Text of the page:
By John Pint
In a hidden-away arroyo in Jalisco, botanists were amazed to see not just one maple tree but a whole woods full of them, an ancient fir-maple-conifer cloud forest.
In the late 1990s, Fernando Aragón Cruz, acting as a guide for bird researchers from the University of Albuquerque, collected a sample of a kind of sugar maple from a remote spot 50 kilometers southeast of Puerto Vallarta.
As few native maples had ever been found in western Mexico, local botanists were surprised. They were even more surprised when they went out to look at the site. In a hidden-away arroyo called El Refugio, at 1,764 meters altitude, they were amazed to see not just one maple tree but a whole woods full of them, incorporated into an ancient fir-maple-conifer cloud forest, incomparably rich in diverse species of trees and plants.
By Sandra E. Garcia
They hope to fight the thriving black markets for illegally logged timber.
Forests are disappearing. Maps show shrinking woodlands all over the world. Even trees coveted for their wood that are protected from logging are chopped down.
Worried about such deforestation, environmental advocates are driving a project to create a DNA database of populations of the bigleaf maple tree on the West Coast. The eventual goal is to use DNA mapping to combat the thriving black markets for timber in tropical countries that are plagued by illegal logging.
“We are taking leaf tissue from the maple trees and taking samples along the entire length of the species range from Southern California to British Columbia,” said Meaghan Parker-Forney, a science officer with the World Resources Institute, a nonprofit group that promotes environmental sustainability and is working on the monthslong initiative.
The DNA database is an experimental project for the Norwegian government, which is jointly funding the effort with the United States Forest Service’s international program. Norway hopes to see whether such a database is feasible in places like Indonesia and Peru, where illegal logging is rampant.
By Damian Carrington, Niko Kommenda, Pablo Gutiérrez and Cath Levett
Global deforestation is on an upward trend, jeopardising efforts to tackle climate change and the massive decline in wildlife.
Global tree cover losses have doubled since 2003, while deforestation in crucial tropical rainforest has doubled since 2008. A falling trend in Brazil has been reversed amid political instability and forest destruction has soared in Colombia.
In other key nations, the Democratic Republic of Congo’s vast forests suffered record losses. However, in Indonesia, deforestation dropped 60% in 2017, helped by fewer forest fires and government action.
Forest losses are a huge contributor to the carbon emissions driving global warming, about the same as total emissions from the US, which is the world’s second biggest polluter. Deforestation destroys wildlife habitat and is a key reason for populations of wildlife having plunged by half in the last 40 years, starting a sixth mass extinction.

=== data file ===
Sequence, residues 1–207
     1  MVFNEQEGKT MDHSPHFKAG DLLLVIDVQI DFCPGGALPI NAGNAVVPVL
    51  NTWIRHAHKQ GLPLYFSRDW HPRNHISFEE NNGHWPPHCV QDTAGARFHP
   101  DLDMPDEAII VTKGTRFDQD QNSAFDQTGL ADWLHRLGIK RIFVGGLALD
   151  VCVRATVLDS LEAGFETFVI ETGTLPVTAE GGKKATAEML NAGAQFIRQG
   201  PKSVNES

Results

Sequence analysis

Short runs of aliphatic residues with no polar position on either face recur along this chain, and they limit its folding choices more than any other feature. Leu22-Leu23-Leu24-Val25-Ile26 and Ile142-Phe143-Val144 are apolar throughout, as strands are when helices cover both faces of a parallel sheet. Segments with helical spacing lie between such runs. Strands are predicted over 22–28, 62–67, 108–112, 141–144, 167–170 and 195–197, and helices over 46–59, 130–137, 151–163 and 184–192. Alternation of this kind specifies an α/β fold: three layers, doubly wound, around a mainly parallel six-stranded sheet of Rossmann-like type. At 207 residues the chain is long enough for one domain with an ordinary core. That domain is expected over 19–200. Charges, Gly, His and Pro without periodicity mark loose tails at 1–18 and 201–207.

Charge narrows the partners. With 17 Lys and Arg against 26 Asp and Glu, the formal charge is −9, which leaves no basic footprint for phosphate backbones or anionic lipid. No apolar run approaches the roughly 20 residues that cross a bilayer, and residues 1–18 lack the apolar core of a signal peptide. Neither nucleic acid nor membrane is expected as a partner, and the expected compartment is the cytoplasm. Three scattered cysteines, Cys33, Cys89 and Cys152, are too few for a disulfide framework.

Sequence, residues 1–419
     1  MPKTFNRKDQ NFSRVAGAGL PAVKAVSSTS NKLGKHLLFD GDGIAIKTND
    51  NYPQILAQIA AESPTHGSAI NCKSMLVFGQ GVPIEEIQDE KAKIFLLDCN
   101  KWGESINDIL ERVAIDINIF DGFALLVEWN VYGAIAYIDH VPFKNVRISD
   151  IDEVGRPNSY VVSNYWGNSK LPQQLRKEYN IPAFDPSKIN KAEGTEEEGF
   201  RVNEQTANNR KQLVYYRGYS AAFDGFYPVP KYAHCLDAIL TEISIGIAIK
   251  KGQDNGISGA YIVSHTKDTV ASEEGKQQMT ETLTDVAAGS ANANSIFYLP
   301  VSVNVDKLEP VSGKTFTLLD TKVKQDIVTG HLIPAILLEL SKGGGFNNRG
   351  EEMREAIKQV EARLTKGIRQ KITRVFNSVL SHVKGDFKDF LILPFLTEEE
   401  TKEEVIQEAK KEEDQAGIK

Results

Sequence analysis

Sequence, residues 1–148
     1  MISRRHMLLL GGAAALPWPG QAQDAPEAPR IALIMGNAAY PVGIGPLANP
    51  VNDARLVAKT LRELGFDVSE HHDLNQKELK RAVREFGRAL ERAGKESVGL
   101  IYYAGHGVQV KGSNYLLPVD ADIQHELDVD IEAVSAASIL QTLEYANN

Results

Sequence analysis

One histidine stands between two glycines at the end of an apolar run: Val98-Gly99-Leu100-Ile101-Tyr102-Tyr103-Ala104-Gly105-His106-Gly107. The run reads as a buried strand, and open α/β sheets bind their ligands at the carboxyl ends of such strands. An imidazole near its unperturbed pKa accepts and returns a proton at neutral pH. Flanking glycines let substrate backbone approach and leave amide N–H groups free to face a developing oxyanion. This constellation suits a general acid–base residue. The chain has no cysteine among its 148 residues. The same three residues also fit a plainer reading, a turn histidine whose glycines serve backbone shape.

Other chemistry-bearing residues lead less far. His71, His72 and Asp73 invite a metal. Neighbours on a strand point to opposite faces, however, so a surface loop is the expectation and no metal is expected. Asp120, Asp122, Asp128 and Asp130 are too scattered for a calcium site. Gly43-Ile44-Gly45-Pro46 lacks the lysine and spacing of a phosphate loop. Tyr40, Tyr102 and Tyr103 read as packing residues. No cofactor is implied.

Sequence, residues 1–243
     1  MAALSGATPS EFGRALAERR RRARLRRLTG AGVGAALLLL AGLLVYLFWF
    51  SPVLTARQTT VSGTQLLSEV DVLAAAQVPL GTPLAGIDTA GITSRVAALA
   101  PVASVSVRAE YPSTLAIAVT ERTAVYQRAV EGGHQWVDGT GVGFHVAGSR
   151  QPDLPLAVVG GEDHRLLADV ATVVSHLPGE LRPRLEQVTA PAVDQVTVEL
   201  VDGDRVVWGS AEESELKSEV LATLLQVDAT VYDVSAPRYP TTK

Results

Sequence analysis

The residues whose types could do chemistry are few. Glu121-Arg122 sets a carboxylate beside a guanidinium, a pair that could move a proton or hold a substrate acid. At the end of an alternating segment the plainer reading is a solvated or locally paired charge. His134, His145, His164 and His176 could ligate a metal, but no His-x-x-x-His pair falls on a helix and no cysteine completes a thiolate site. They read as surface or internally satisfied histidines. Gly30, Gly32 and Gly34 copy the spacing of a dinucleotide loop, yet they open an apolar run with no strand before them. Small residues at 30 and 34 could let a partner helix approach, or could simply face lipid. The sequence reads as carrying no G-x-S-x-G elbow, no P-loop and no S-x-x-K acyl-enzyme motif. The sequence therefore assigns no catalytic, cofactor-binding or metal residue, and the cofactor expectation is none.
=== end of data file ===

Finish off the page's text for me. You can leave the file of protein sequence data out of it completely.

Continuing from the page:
Healthy forests, just like healthy human populations, are sustained by a diversity of ages and types. In many parts of the United States, forests are becoming largely homogeneous, and in places like the Appalachian Mountains, young forest and mature, old growth forests are in short supply.
A lack of diverse forests has negative impacts on wildlife and the economy, as different age classes support higher biodiversity and provide a more sustainable source of income for forest landowners. Through the use of sustainable forestry practices, forest landowners are able to compensate for lack of natural disturbance.
USDA’s Natural Resources Conservation Service (NRCS) recommends a number of sustainable forestry practices to forest landowners. These practices provide landowners with a number of choices, depending on the land and a landowner’s goals.
By Kathleen Masterson
A new University of Vermont study finds that harvesting trees in a way that mimics old growth forests not only restores critical habitat for animals and plants, but also stores a surprising amount of carbon…
The “old growth” engineering technique succeeded in creating diverse habitats. But the kicker, Keeton says, is that it has also allowed the forest to store a significant amount of carbon, much more than several other conventional tree selection harvesting techniques. That’s key to fighting climate change.
Now, forests that are left alone — with no trees harvested — store the most carbon. But Keeton’s study is finding that it is possible to manage the forest to maximize carbon capture, and still keep it a working forest.
“This greater amount of carbon storage as compared to the conventional treatments was actually a combination of having left more trees behind in the first place, and growth rates that were actually 10 percent higher in this treatment as compared to the conventional harvest,” Keeton says. “And that was really surprising.”
Keeton says after 10 years, the old growth forest management plot stored nearly as much carbon as the unlogged control forest. It came within 16 percent of carbon storage in the unharvested plots.